Materials for interior painting techniques
Since youre going to put in some real work: allow yourself the best paint and painting materials. That doesn't mean you have to buy machines. Interior painting techniques have been done manually for ages. If you have enough strong and sharp sanding paper, it will do a lot of the work for you. When you do sanding by hand, you work in the woodgrain with your fingers, that's even better than machine abrasing (and a lot less noisy too). But for a big job like painting a floor, it's best to hire a big sanding machine. If you need to strip off old paint layers: check here for an eco-safe paint stripper
Brushes or rollers
The same thing goes for brushes and rollers. Each of those can perform specific tasks. Paint rollers can make a quick and easy smooth covering of big surfaces. Bristle gives a structured stroke - which is nice if you like structure. Even if you use rollers, the edges are best done with a brush (and masking tape). But cheap bristles tend to leave hairs in your work. For smooth, blended layers and enamel (high-gloss) paints, use mohair rollers, or dagger brushes. Acrylic and latex paints are best painted with synthetic materials, but most rollers are (partly) made of synthetic material. Big bristles brushes can be used too, best soakin in water overnight, so they won't dry out the paint.
Ebooks, contractors and other help
When you need a little more onfo then what's found here, try this ebook on interior painting techniques. It's written by a painting contractor with 20 years of experience. It's meant for home owners and beginners in interior painting. Here's also another good website on interior house painting. It contains lots of information and tips on house painting and painting products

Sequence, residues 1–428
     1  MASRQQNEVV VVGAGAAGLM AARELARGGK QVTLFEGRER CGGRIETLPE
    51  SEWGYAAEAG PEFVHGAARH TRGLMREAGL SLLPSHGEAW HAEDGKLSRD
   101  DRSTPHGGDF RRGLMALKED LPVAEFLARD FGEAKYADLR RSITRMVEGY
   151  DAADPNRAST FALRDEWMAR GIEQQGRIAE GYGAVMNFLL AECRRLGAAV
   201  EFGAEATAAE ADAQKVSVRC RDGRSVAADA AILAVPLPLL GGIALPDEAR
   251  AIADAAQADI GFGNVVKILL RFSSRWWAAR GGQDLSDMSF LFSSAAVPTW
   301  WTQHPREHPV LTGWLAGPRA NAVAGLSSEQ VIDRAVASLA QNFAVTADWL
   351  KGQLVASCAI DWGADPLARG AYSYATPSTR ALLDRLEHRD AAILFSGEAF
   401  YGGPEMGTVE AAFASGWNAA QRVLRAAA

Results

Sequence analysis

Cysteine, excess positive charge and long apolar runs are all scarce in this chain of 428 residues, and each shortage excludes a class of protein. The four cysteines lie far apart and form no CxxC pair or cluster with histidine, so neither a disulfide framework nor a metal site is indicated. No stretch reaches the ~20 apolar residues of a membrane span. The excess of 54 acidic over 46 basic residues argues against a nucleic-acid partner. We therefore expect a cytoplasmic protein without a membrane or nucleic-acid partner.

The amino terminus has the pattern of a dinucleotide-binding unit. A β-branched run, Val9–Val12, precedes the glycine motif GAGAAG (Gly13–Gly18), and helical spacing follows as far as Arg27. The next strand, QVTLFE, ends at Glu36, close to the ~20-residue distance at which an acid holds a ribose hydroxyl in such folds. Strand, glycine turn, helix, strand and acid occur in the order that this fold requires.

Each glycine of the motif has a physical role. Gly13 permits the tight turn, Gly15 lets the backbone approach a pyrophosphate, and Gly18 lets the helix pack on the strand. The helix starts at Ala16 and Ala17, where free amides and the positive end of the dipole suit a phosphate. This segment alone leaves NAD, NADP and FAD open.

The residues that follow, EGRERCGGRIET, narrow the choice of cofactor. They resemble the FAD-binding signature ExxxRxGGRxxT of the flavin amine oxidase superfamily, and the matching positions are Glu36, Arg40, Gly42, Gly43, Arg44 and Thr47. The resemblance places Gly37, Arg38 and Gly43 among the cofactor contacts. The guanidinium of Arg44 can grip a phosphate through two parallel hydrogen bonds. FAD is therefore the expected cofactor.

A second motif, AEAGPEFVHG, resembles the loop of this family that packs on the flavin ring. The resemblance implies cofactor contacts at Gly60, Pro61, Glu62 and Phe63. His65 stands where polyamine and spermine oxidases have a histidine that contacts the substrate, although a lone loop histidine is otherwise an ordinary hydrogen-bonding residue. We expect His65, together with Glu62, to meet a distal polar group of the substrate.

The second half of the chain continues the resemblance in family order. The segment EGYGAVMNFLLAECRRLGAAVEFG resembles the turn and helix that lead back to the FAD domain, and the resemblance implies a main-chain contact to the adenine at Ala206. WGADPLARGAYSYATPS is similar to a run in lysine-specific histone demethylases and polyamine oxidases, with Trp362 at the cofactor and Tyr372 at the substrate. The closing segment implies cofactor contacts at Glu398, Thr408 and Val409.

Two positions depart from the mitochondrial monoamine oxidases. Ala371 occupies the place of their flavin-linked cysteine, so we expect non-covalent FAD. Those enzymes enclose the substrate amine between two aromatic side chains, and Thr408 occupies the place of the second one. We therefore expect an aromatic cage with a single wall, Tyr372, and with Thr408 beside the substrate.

After reading all this, you might reconsider about hiring a professional - DIY is nice, but GID (Get It Done) also has its value - painting does involve a time-investment (not just the work itself - think of shopping, preps, the afterwards cleanup, color advice). Click here for an estimate of a professional painting contractor (US-based). Even if you decide to do it yourself anyway, you'll know what money you saved while doing it. And last, choosing good paint colors is crucial for the result - click here for some good resources on that.
Wall painting techniques
Walls are important as the background and moodsetters for the rest of your interior. They make big visual surfaces, and you may need some tricks to bring that color to life. You can do that by choosing a special technique, like faux painting faux finishing, or blending techniques. But you can do a lot already by carefully choosing your paint colors. The best way to do that, is to make an interior painting design first. Click here for more on wall painting techniques.
Floor painting techniques
Floors need the best paint and preparation there is, for they have a lot to endure.
Concrete floors can be painted with concrete paint or epoxy. Id say: concrete paint for outdoors or the garage, and epoxy finish for workfloors. For indoor concrete floors, you can use poly-urethane floor paint. It gives a very durable and very nice looking finish, and there are interesting artistic possibilites. This is not a regular interior painting technique: the paint is thick as yoghurt, and is poured on.
Tile floors can be painted, but only if theyre not in wet rooms. It does need very good prepararion, a very good primer, and a high-gloss paint.
Interior painting techniques for woodwork
New woodwork can be stained, or given a hiding coat. In staining wood, the woodgrain will remain visible. You can use that to make your whitewood look like mahagony, oak or ebony, or give it a nice color to match your interior painting design.